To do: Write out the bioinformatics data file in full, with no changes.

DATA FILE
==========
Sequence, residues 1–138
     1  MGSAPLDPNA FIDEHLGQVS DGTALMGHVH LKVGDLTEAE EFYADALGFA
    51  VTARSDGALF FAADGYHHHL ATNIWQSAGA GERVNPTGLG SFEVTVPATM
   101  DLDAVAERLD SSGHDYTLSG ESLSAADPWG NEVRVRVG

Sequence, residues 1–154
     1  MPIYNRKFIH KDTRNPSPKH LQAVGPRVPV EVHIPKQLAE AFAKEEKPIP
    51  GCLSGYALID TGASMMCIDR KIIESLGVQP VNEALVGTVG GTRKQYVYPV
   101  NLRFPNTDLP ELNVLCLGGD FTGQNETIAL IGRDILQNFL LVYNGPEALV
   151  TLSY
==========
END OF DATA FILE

Sequence, residues 1–138
     1  MGSAPLDPNA FIDEHLGQVS DGTALMGHVH LKVGDLTEAE EFYADALGFA
    51  VTARSDGALF FAADGYHHHL ATNIWQSAGA GERVNPTGLG SFEVTVPATM
   101  DLDAVAERLD SSGHDYTLSG ESLSAADPWG NEVRVRVG

Sequence, residues 1–154
     1  MPIYNRKFIH KDTRNPSPKH LQAVGPRVPV EVHIPKQLAE AFAKEEKPIP
    51  GCLSGYALID TGASMMCIDR KIIESLGVQP VNEALVGTVG GTRKQYVYPV
   101  NLRFPNTDLP ELNVLCLGGD FTGQNETIAL IGRDILQNFL LVYNGPEALV
   151  TLSY